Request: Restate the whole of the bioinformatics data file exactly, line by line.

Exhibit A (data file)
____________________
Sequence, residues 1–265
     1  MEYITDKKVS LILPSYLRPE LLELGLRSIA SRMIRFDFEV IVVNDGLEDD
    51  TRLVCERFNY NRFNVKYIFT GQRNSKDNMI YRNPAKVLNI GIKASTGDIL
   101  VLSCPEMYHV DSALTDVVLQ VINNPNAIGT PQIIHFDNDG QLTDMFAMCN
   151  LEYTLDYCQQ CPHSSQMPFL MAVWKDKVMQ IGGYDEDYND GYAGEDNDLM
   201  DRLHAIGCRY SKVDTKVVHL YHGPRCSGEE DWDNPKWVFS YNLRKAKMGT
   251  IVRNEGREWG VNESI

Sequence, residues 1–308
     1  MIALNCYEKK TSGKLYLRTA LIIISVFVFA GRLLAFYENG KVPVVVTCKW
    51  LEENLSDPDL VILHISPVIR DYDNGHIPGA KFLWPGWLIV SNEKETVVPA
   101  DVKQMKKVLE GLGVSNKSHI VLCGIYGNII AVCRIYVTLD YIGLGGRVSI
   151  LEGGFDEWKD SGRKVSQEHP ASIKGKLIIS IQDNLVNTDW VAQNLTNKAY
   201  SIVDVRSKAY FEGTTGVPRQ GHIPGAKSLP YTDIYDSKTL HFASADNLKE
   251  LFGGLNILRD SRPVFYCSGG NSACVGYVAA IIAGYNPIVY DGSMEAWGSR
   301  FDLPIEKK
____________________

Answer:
Sequence, residues 1–265
     1  MEYITDKKVS LILPSYLRPE LLELGLRSIA SRMIRFDFEV IVVNDGLEDD
    51  TRLVCERFNY NRFNVKYIFT GQRNSKDNMI YRNPAKVLNI GIKASTGDIL
   101  VLSCPEMYHV DSALTDVVLQ VINNPNAIGT PQIIHFDNDG QLTDMFAMCN
   151  LEYTLDYCQQ CPHSSQMPFL MAVWKDKVMQ IGGYDEDYND GYAGEDNDLM
   201  DRLHAIGCRY SKVDTKVVHL YHGPRCSGEE DWDNPKWVFS YNLRKAKMGT
   251  IVRNEGREWG VNESI

Sequence, residues 1–308
     1  MIALNCYEKK TSGKLYLRTA LIIISVFVFA GRLLAFYENG KVPVVVTCKW
    51  LEENLSDPDL VILHISPVIR DYDNGHIPGA KFLWPGWLIV SNEKETVVPA
   101  DVKQMKKVLE GLGVSNKSHI VLCGIYGNII AVCRIYVTLD YIGLGGRVSI
   151  LEGGFDEWKD SGRKVSQEHP ASIKGKLIIS IQDNLVNTDW VAQNLTNKAY
   201  SIVDVRSKAY FEGTTGVPRQ GHIPGAKSLP YTDIYDSKTL HFASADNLKE
   251  LFGGLNILRD SRPVFYCSGG NSACVGYVAA IIAGYNPIVY DGSMEAWGSR
   301  FDLPIEKK